Super termites are leaving decades-old trees gutted and vulnerable, as reported by the South Florida Sun Sentinel.
These newly arrived Formosan and Asian subterranean termites are hollowing out decades-old canopies and making them vulnerable to high winds. This puts a greater risk of normally wind resistant trees, such as oaks, compromised and at greater risk of being toppled during high wind storms, tropical storms or hurricanes.
These termites are being called “super termites” as they are making their homes in living trees instead of dead or harvested wood such as timber used in homes and other construction. According to UF/IFAS, Broward County has a big population of Asian subterranean termites. They are attacking the large canopies in some of the most scenic areas of Broward County and in most of South Florida.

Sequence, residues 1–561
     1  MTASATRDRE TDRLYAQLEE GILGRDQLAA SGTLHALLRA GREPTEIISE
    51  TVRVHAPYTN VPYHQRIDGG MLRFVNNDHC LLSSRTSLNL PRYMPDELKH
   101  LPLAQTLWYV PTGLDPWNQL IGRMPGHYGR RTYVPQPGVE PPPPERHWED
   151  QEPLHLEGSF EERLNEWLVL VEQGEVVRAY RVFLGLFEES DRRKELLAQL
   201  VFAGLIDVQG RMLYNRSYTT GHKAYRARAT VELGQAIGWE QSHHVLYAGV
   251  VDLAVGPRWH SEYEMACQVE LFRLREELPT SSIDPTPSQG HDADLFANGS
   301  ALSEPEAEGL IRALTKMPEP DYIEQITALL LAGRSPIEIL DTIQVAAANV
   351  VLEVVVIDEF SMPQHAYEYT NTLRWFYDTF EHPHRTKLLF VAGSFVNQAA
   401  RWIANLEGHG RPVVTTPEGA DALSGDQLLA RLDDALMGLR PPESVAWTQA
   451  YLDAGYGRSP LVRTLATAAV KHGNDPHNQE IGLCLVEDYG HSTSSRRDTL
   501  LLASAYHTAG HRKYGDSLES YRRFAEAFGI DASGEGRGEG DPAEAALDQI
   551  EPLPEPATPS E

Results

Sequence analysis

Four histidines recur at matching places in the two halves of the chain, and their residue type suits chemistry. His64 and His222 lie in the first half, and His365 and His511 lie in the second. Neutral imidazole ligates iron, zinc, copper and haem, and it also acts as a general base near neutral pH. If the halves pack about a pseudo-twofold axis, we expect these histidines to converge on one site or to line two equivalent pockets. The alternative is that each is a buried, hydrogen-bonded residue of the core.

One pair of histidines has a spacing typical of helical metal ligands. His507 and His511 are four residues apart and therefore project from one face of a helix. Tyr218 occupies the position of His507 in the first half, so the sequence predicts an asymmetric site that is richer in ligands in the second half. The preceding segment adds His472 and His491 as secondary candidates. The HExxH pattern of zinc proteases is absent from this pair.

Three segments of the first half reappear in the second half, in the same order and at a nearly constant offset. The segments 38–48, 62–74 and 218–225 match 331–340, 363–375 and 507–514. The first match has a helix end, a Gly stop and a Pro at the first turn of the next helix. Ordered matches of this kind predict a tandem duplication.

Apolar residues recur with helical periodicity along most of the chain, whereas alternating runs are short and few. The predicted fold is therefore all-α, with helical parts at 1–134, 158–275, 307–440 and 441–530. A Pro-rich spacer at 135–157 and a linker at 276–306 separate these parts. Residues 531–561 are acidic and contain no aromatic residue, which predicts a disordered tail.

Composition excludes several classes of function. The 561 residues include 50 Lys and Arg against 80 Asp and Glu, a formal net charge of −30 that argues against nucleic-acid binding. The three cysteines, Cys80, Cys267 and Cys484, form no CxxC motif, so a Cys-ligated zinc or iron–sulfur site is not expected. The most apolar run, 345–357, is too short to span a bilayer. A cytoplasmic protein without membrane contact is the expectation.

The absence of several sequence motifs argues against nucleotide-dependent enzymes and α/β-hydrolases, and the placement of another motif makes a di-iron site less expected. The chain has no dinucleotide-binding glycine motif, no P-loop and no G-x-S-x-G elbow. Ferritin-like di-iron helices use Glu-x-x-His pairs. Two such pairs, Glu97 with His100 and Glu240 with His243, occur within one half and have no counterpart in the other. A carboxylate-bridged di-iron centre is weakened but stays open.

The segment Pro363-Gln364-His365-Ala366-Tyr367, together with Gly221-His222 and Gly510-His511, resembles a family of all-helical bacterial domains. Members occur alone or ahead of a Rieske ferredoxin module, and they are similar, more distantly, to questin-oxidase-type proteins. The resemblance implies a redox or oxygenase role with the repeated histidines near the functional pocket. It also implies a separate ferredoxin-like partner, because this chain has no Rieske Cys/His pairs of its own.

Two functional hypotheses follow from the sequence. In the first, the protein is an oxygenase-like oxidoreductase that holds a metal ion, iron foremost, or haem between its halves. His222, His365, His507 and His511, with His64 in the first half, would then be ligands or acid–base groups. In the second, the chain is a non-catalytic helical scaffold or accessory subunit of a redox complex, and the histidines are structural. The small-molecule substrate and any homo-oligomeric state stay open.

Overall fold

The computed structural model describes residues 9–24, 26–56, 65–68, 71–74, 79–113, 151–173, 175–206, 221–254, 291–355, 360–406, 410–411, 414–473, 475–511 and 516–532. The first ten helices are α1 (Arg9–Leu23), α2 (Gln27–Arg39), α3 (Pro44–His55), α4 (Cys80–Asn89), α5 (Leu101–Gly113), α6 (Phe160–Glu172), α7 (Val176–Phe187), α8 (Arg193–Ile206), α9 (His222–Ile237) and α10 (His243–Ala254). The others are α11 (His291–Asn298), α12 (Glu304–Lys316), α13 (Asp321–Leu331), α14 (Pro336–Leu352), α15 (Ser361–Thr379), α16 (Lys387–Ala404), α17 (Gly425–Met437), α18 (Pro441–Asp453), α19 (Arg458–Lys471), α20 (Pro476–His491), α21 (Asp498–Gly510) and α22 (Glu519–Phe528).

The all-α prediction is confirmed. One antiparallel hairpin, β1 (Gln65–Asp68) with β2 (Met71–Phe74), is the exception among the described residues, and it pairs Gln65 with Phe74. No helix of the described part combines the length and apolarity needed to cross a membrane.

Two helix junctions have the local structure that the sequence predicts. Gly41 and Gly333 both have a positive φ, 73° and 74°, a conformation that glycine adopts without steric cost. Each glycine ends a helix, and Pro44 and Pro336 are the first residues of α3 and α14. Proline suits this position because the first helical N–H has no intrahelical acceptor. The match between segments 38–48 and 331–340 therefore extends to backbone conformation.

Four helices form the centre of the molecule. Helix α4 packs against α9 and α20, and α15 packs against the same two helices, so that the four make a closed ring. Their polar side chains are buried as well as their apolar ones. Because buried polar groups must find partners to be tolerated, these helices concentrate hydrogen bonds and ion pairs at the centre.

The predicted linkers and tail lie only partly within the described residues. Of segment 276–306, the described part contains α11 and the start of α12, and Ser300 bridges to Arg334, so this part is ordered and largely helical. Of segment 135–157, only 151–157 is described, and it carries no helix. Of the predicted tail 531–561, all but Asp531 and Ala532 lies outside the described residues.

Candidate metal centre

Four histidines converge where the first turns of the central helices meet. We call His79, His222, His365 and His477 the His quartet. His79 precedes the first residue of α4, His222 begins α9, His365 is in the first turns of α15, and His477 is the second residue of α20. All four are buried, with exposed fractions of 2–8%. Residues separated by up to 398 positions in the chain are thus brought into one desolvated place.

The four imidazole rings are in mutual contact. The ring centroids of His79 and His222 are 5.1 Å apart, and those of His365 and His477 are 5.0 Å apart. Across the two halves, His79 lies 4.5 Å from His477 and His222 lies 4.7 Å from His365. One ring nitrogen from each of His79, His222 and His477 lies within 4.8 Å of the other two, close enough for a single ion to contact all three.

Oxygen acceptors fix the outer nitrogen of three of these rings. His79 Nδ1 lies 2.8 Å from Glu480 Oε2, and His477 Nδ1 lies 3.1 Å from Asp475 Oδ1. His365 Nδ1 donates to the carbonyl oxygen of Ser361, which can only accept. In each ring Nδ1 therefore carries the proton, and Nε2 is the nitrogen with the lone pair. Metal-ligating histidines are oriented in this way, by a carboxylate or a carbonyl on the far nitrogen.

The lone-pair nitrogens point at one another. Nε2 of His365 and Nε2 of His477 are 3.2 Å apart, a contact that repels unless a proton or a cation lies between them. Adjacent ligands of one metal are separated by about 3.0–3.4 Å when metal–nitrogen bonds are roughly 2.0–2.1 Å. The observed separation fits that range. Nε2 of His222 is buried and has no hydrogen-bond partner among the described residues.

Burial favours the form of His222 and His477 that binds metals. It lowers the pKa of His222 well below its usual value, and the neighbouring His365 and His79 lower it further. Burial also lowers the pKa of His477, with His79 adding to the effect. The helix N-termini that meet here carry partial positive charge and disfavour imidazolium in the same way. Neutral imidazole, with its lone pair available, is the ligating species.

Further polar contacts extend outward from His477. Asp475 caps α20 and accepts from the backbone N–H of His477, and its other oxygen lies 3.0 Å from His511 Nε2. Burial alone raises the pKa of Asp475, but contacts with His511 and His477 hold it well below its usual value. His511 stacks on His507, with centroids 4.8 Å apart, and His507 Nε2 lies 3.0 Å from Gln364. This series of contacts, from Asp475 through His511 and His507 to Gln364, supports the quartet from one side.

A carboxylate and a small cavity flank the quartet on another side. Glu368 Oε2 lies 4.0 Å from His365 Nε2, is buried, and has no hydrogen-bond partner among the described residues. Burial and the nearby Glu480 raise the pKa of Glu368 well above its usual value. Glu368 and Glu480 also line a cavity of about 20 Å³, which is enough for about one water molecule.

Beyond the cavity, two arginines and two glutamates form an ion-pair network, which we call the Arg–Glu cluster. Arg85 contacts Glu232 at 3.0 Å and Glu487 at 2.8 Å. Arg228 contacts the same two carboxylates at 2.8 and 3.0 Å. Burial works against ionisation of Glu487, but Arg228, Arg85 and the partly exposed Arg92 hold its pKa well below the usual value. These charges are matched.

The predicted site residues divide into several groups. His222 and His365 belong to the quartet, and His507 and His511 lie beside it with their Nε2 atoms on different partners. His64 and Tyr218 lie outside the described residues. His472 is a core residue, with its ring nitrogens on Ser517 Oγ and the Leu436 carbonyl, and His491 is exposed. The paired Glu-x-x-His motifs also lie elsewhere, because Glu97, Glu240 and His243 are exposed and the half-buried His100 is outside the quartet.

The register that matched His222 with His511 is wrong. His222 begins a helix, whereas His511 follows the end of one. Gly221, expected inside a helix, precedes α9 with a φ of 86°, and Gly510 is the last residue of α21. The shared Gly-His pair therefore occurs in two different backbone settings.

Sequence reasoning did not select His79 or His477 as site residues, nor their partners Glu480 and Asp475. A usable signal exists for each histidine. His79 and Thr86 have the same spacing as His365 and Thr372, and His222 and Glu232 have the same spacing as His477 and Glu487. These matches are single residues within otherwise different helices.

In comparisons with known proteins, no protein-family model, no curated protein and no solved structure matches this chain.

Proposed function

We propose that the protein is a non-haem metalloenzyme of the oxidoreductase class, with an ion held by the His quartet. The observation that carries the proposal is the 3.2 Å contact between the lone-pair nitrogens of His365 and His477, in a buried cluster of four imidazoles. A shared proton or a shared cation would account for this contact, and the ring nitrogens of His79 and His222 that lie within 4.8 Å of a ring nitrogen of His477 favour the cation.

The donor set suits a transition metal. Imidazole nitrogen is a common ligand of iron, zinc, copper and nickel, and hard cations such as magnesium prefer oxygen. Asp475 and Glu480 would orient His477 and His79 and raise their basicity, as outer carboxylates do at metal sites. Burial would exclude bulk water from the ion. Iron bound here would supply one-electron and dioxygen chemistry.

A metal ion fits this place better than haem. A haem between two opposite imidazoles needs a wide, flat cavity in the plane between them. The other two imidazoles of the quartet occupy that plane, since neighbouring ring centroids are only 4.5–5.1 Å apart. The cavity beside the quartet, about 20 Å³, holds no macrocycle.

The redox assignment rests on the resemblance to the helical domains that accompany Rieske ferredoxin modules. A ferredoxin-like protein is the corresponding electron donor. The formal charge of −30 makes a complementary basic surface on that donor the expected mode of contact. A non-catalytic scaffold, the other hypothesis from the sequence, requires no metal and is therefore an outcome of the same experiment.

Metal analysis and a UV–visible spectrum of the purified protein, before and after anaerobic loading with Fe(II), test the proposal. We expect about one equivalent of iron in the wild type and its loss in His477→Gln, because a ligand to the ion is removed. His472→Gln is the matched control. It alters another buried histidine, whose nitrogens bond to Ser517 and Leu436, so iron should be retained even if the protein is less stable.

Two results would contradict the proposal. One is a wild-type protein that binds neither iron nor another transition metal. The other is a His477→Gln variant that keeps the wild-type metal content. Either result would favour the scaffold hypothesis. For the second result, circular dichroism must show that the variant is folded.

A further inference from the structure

These termites are attracted to trees that have wounds from chainsaws, lightening, or other damage such as falling limbs. Healthy trees emit a pheromone that repels insects, but damaged trees do just the opposite. Older trees are particularly vulnerable to the new breed of invasive termites.
To see the entire article, click here.
by Diana Quigley, Education and Change Management Manager, Campbell Property Management